By M. Keala Milles, Jr.
Some of my fondest memories are talking story with my aunts, who tell stories of old Hawaii. They remember legends, folklore and ancient traditions like the heiau, a Hawaiian sacred temple. Although most heiau have been abandoned, their remnants represent one of the most important parts of Hawaiian history, religion.
Hawaiians have a spiritual connection with the aina (land) and the kai (ocean). We consider the land, “righteous” and sacred. As such, Hawaiian spirituality reveres the land and sea—and all the creatures and plants—much like other indigenous communities all over the world.
Ancient Hawaiians also tell stories of gods and demi-gods, who inhabited the islands long ago. Just as the Greeks worshiped Zeus as the leader of the Gods, Ancient Hawaiians observe Kāne as the main figure of worship.
My mom’s elder sisters, Donna and Karen, so eloquently take me to Hawaii of a different age. They passionately relate memories of magical encounters they had while living near Ulupo Heiau in Kailua. They tell tales of mischievous menehune, mystical dwarf-like craftsman of Hawaiian mythology. In fact, it is said that menehune built Ulupo Heiau, which is now a state monument.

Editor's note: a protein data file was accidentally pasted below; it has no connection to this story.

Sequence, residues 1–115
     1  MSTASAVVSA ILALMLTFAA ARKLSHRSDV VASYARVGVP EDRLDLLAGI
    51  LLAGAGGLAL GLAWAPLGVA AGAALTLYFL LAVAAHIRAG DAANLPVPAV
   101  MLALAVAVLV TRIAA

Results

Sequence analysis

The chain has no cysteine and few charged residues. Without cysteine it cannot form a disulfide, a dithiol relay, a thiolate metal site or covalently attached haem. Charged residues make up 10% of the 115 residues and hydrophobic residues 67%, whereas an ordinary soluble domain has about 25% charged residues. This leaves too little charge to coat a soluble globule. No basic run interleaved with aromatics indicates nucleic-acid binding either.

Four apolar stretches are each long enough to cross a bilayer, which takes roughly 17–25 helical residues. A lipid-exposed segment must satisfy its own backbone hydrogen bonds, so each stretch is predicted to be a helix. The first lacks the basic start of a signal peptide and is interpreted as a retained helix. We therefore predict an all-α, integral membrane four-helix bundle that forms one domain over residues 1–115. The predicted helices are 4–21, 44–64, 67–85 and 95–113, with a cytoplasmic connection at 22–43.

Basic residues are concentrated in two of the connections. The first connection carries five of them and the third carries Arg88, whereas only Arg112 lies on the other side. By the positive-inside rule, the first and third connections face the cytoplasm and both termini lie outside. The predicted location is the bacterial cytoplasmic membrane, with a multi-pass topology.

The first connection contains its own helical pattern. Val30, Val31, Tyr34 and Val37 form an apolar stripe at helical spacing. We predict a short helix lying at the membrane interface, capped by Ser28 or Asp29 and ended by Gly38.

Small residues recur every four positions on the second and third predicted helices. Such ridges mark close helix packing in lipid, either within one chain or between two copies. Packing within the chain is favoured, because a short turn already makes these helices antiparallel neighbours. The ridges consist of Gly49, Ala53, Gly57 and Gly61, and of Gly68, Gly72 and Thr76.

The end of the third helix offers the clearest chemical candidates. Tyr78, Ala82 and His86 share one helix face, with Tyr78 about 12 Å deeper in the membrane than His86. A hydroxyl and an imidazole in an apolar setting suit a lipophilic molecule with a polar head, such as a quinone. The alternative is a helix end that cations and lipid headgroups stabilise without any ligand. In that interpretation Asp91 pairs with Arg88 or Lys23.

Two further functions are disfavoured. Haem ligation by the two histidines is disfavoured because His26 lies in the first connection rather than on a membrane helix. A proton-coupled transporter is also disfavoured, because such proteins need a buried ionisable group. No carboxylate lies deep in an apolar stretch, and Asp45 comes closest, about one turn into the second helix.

I'm just outside of Ulupo Heiau
History of the Heiau
When I say “temple” I want you to disavow the image of Indiana Jones running from boulders and swinging from vines. Ancient Hawaiian temples were not elaborately constructed buildings with torches and labyrinthine rooms.
Heiau are simple places of worship—often a clearing on a hillside or near the beach—chosen specifically because of their spiritual energy. Once this spot has been dedicated, the boundary of the temple would be constructed out of lava rock, usually in a rectangular shape or on a raised platform, for a more complex structure.
Types of Heiau
Agricultural sacrifices might include both plants and animals:
The 1819 abolition of the kapu system resulted in the closure—and often destruction—of the original heiau temples. The Hawaiian renaissance of the 1970s helped begin the preservation and restoration of what was left.
While we may never fully go back to the practices of ancient Hawaii, the time and work that goes into restoring our culture unites us as a people. Preserving sites with our hands and passing down history with our stories, perpetuates Hawaiian traditions for generations to come.
What stories of the heiau have you heard?